She said that when she went to that African nation in October 2006 to build an orphanage, something connected deep inside her. "I was going on my own journey and connection to these children and wanting to, in a way, heal myself whilst helping them," she said, her voice carrying the tinge of a British accent acquired during her many years of living in England.

"I grew up as a motherless child," she said, referring to the death of her own mother when she was just 5. "I had a roof over my head and I had food and I had a school to go to. And I still thought that my world was going to collapse on me. So how could it be for these children who, most of them having lost both of their parents, having no roof over their head and no food to eat — how horrifying and frightening it must be for them."

Madonna had two children of her own when she went to Malawi — Lourdes, now 11, and Rocco, now 7 — and being a mother had changed the way she looked at life.

"I think having children and having a family forces you to think about people besides yourself. You don't really have a choice," she told Curry. "And sometimes you think, 'I'm the lucky one. How did I get to be the lucky one?' So I think I just got to a point in my life where I thought, I have so much. And it's a great tragedy if I don't use what I have to make the world a better place. I know that sounds silly or cheesy or, like, a cliché or whatever. But it's the truth."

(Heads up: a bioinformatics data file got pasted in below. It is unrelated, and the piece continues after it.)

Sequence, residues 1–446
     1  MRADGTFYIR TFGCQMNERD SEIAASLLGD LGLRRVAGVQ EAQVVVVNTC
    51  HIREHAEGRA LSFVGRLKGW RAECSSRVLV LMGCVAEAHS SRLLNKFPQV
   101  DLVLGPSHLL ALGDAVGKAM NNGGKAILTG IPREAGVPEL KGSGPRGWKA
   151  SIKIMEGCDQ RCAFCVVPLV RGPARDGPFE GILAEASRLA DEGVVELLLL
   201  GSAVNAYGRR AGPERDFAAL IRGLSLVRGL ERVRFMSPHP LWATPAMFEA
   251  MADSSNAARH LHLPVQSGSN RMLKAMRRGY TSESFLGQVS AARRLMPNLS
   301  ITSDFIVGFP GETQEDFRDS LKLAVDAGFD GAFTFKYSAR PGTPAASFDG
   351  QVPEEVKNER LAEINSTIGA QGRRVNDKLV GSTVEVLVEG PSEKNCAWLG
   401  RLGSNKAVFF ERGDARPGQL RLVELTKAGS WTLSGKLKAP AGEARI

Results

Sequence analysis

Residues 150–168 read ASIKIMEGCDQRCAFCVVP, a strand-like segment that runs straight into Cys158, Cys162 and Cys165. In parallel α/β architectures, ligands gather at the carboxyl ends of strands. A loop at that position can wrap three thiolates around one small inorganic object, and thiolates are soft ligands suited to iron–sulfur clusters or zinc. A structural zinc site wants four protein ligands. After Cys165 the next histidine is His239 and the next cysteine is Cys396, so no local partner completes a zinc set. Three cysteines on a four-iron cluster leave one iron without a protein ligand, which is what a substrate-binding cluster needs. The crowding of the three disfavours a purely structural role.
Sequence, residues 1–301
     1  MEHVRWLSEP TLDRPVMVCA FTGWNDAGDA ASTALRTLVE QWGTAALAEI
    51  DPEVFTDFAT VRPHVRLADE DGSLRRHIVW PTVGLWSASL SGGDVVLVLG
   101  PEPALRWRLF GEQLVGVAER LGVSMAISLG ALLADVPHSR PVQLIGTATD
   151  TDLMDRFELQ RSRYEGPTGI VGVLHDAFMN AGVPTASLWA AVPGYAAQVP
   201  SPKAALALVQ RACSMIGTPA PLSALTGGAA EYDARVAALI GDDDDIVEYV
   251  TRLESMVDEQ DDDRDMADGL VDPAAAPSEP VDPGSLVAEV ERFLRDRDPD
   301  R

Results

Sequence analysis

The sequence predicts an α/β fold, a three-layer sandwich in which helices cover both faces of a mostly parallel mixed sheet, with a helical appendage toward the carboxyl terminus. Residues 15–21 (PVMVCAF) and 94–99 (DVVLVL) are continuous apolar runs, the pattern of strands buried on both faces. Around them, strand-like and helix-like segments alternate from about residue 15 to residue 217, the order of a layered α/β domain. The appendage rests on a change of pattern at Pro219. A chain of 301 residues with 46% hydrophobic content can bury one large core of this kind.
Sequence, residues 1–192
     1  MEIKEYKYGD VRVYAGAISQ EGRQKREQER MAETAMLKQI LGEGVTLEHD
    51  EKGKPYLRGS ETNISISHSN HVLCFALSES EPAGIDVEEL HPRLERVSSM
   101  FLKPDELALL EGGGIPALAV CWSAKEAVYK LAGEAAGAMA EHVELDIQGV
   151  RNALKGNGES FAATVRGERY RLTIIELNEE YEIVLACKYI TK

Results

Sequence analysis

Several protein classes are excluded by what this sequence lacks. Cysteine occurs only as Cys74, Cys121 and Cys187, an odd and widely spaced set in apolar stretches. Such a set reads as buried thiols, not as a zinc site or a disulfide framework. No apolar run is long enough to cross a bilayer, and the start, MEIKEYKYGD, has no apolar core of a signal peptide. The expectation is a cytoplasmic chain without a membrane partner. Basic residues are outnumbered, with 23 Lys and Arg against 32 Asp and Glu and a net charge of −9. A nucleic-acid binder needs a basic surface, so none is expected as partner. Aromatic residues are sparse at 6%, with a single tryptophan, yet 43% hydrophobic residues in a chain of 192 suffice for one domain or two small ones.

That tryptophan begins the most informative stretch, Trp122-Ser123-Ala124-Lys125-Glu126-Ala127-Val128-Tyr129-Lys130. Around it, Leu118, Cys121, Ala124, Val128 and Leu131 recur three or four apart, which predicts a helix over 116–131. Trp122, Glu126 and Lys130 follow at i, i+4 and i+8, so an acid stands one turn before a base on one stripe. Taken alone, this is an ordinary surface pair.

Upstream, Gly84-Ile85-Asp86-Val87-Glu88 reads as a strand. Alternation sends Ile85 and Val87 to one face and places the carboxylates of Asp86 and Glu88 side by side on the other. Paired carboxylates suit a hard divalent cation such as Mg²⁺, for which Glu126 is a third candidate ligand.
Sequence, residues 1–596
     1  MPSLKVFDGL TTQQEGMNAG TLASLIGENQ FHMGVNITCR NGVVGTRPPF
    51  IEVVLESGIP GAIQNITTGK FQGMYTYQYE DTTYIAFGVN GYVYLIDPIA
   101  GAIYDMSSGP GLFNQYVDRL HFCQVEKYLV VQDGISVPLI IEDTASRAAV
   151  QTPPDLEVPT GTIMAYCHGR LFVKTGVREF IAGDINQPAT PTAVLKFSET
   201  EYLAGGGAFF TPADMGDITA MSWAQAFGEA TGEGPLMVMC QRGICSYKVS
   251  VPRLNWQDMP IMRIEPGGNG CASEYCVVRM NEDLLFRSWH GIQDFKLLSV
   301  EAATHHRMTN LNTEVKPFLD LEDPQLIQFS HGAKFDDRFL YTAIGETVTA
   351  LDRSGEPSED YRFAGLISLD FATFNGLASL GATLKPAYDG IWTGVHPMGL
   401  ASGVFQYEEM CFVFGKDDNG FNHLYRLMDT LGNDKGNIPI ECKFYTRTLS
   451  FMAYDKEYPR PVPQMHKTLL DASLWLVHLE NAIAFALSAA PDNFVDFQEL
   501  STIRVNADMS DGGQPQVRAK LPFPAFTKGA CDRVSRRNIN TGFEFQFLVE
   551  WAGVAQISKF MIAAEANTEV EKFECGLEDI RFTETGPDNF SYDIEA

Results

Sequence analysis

Curry noted that any time a big star gets involved in a social cause, people can be cynical about her motives.

"I appreciate and understand how people could be cynical," she said. "That's fine. I accept that because I think we live in a society where people are naturally suspicious of acts of altruism or generosity."

Curry suggested that in Madonna's case, people might look at her involvement with orphans as simply another phase in the life of a woman who's perpetually reinventing herself.

The woman who's sold more records than any other female artist did not apologize for that. "My reinventions are part of my evolution and my growth as a person," she said. "There are aspects of it that are frivolous. And there are aspects of it that are real."

But, she said, her motives in adopting David should not be questioned.

No one, she said, would put herself through the long and invasive process that she's gone through without being serious about it. She and husband Guy Ritchie signed the adoption papers a year and a half ago, and they're still a month away from being granted full adoptive custody of their son.

"For the last 18 months I've been a foster parent. I've been visited every six weeks by social workers who come into the house and make sure that you're being a good parent and that David's health is thriving and ask you all kinds of invasive questions," Madonna said. "And you have to put up with it and endure it. I've been fingerprinted about 20 times and undergone psychological evaluations. Everybody who goes through adoptions has to do this, I'm not alone."